I think this point can be conceded. I’d say that’s mostly true regardless of how you choose to do your styling. Sure if you use classes in your HTML and target those in your CSS, then you can get rid of all of your CSS and start again with a different CSS framework, but only one that expects to work in a similar way. So basically whatever your philosophy for styling is, it’s difficult to change that mid-project.

Tailwind Is Bloated

This might be a reasonable point. But it doesn’t really apply to use Tailwind with Elm, at least not using Elm tailwind modules since the Elm compiler will purge out anything that is unused (if I understand correctly).

Tailwind Is an Unnecessary Abstraction

With Tailwind, if you want to group related styles together under a reusable class name, you need to use @apply directives, like in this example taken from the docs:

Again with a full general programming language behind you this mostly goes away. Whereas in HTML you might write:

<button class="btn-indigo">
  Click me
</button>

<style>
  .btn-indigo {
    @apply py-2 px-4 bg-indigo-500 text-white font-semibold rounded-lg shadow-md hover:bg-indigo-700 focus:outline-none focus:ring-2 focus:ring-indigo-400 focus:ring-opacity-75;
  }
</style>

In Elm you can instead write:

buttonIndigoClasses = [ py2, px4 ... ]

...
    let
        onClick =
            Events.onClick Msg....
    in
    Html.button
        ( onClick :: buttonIndigoClasses)
        [ Html.text "Click me" ]

Semantics Is Important. Tailwind Forgoes It.

Supporters of the framework usually respond by reminding you that you’re probably working with a component-based framework like React anyway, and so you’re unlikely to be looking at a giant sea of markup in a single file. Fair point.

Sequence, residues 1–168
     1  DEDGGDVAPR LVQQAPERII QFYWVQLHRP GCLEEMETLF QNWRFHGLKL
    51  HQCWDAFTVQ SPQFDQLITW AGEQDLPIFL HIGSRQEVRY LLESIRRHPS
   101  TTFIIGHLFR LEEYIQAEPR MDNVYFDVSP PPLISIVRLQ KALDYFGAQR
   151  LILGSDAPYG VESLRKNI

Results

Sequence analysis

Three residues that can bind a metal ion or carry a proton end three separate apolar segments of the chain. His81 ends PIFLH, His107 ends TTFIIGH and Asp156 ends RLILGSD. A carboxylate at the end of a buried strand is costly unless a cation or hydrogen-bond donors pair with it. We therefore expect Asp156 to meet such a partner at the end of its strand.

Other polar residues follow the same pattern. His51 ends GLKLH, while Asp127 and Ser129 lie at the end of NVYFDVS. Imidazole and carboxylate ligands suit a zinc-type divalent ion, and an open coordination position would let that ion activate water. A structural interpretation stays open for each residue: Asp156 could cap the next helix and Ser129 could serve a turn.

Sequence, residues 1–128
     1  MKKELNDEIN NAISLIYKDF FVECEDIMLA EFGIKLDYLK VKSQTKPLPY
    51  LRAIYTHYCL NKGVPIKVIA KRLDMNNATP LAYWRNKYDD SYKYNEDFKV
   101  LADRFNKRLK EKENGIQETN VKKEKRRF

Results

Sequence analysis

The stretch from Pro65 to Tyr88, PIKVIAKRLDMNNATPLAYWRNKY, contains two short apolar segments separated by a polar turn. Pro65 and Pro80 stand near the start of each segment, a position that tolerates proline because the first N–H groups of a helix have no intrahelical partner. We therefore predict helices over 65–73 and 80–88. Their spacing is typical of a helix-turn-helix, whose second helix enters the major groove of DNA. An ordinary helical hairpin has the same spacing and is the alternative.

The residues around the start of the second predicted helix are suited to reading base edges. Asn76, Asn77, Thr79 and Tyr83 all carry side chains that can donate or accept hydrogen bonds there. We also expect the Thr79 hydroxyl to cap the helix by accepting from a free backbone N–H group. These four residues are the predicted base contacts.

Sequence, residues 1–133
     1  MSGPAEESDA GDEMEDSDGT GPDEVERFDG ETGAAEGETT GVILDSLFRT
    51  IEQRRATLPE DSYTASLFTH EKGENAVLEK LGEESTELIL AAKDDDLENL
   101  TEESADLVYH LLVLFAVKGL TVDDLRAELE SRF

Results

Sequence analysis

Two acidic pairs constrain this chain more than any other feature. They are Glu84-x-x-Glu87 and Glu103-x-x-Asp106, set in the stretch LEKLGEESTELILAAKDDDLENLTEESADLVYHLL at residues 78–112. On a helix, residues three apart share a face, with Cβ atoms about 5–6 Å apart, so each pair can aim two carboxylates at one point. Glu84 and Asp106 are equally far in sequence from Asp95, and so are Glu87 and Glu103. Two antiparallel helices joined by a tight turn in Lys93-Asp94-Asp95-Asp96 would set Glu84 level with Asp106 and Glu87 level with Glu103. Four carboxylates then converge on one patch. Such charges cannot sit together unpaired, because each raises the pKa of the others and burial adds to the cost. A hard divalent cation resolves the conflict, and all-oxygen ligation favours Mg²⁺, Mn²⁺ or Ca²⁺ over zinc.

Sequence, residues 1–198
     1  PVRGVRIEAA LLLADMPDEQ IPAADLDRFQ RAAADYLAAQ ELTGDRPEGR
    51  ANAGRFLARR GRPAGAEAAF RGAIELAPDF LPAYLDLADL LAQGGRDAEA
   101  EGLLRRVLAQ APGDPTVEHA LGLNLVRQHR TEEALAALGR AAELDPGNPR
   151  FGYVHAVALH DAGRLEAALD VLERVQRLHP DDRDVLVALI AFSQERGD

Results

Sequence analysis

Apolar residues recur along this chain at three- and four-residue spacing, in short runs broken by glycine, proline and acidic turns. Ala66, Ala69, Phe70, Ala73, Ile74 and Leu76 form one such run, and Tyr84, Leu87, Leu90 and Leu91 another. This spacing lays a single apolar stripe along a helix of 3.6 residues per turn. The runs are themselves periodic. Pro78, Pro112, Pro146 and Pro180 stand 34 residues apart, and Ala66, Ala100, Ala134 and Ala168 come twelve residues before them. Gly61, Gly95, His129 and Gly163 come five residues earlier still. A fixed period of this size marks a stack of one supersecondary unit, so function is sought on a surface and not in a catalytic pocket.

So I think the author is here conceding that, yeah if you’re not directly writing your HTML his point doesn’t really stand. I think though that same concession could apply to most of the points made.

Tailwind and Dev Tools Don’t Play Nicely

Again this is a pretty fair point, but if you’re doing your styling in Elm as opposed to HTML they are broken for that use case anyway. At least broken in the way that is described here. However, yes it is a positive for doing your your styling in CSS that can be directly edited by the dev-tools in the browser. That’s one of the general advantages of doing your styling in CSS rather than in Elm/whatever language you’re using to generate your HTML.

Tailwind Is Still Missing Some Key Features

Okay this is not a point against the Tailwind philosophy but again the implementation. It seems a fair criticism.

Conclusion

Ultimately, I think this is a pretty simple tale of whether you wish to do your styling in CSS or in the language you’re using to generate the HTML. There are some advantages and disadvantages to both. But most of the disadvantages of doing your styling in HTML spoken of in the linked to article, are just that, disadvanages of doing the styling in HTML directly, rather than in some full general purpose language that is used to generate the HTML.

Nonetheless the critique article is worth reading.